The tangles created by the twists and turns of the Conway rope
trick are surprisingly symmetrical. Here's why!
Here is a proof of Euler's formula in the plane and on a sphere together with projects to explore cases of the formula for a polygon with holes, for the torus and other solids with holes and the. . . .
This article invites you to get familiar with a strategic game called "sprouts". The game is simple enough for younger children to understand, and has also provided experienced mathematicians with. . . .
The knight's move on a chess board is 2 steps in one direction and one step in the other direction. Prove that a knight cannot visit every square on the board once and only (a tour) on a 2 by n board. . . .
Prove that you cannot form a Magic W with a total of 12 or less or
with a with a total of 18 or more.
Problem solving is at the heart of the NRICH site. All the problems
give learners opportunities to learn, develop or use mathematical
concepts and skills. Read here for more information.
How many tours visit each vertex of a cube once and only once? How
many return to the starting point?
This is the second of two articles and discusses problems relating
to the curvature of space, shortest distances on surfaces,
triangulations of surfaces and representation by graphs.
Can you see how this picture illustrates the formula for the sum of
the first six cube numbers?
Learn about the link between logical arguments and electronic circuits. Investigate the logical connectives by making and testing your own circuits and record your findings in truth tables.
You have twelve weights, one of which is different from the rest.
Using just 3 weighings, can you identify which weight is the odd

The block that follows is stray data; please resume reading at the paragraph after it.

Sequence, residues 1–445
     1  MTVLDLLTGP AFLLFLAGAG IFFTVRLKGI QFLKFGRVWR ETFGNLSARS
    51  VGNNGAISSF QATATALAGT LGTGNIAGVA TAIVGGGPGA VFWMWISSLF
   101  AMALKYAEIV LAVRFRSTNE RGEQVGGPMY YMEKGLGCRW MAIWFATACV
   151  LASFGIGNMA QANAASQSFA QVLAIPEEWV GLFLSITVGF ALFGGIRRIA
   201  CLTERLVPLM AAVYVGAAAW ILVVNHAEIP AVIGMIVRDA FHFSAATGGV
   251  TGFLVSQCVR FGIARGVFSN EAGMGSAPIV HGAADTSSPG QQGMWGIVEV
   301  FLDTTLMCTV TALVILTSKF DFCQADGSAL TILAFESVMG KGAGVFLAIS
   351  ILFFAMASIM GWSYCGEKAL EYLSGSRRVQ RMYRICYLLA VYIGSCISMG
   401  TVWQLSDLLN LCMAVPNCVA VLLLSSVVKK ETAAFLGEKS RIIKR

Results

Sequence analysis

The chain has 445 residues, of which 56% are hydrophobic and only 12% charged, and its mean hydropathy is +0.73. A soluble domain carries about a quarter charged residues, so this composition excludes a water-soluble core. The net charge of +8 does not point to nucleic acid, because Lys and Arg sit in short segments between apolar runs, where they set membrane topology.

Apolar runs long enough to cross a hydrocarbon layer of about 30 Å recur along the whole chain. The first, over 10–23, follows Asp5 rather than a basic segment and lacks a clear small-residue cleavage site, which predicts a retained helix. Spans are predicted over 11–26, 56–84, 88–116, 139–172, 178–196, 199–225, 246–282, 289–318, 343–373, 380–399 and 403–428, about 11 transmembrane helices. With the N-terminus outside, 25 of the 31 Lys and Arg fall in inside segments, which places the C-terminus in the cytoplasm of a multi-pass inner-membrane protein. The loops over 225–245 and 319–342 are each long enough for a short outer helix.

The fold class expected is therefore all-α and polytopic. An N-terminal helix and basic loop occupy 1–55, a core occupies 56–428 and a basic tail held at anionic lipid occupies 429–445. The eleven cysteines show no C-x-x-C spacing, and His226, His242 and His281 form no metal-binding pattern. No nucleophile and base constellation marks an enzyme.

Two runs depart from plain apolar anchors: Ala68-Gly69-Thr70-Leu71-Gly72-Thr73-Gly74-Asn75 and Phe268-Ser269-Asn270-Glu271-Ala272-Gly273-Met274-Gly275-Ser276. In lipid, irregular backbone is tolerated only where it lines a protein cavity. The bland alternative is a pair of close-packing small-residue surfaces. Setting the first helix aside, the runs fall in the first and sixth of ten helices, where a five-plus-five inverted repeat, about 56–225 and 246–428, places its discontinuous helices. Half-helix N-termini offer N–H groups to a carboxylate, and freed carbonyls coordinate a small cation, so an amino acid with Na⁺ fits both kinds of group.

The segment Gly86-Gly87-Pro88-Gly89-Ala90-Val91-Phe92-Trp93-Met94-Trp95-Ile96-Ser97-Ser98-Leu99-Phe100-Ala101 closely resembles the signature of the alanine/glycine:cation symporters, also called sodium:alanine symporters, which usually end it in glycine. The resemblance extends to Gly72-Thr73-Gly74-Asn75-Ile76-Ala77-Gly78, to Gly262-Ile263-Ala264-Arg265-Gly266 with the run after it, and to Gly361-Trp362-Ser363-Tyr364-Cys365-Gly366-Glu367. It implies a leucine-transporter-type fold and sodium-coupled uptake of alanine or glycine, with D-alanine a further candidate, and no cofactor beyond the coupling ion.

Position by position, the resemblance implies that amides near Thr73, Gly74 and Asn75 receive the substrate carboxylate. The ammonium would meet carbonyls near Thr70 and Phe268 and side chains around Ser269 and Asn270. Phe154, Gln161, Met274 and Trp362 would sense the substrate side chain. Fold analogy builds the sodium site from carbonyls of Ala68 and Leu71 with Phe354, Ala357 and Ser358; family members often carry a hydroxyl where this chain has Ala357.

one out, and whether it is heavier or lighter than the rest?
Investigate circuits and record your findings in this simple introduction to truth tables and logic.
Find the positive integer solutions of the equation (1+1/a)(1+1/b)(1+1/c) = 2
Eulerian and Hamiltonian circuits are defined with some simple examples and a couple of puzzles to illustrate Hamiltonian circuits.
How many noughts are at the end of these giant numbers?
Learn about the link between logical arguments and electronic circuits. Investigate the logical connectives by making and testing your own circuits and fill in the blanks in truth tables to record. . . .
Some puzzles requiring no knowledge of knot theory, just a careful
inspection of the patterns. A glimpse of the classification of
knots and a little about prime knots, crossing numbers and. . . .
The country Sixtania prints postage stamps with only three values 6 lucres, 10 lucres and 15 lucres (where the currency is in lucres).Which values cannot be made up with combinations of these postage. . . .
Professor Korner has generously supported school mathematics for more than 30 years and has been a good friend to NRICH since it started.
Suppose A always beats B and B always beats C, then would you
expect A to beat C? Not always! What seems obvious is not always
true. Results always need to be proved in mathematics.
Fractional calculus is a generalisation of ordinary calculus where you can differentiate n times when n is not a whole number.
Can you visualise whether these nets fold up into 3D shapes? Watch the videos each time to see if you were correct.
Can you discover whether this is a fair game?
Toni Beardon has chosen this article introducing a rich area for
practical exploration and discovery in 3D geometry
Explain why, when moving heavy objects on rollers, the object moves
twice as fast as the rollers. Try a similar experiment yourself.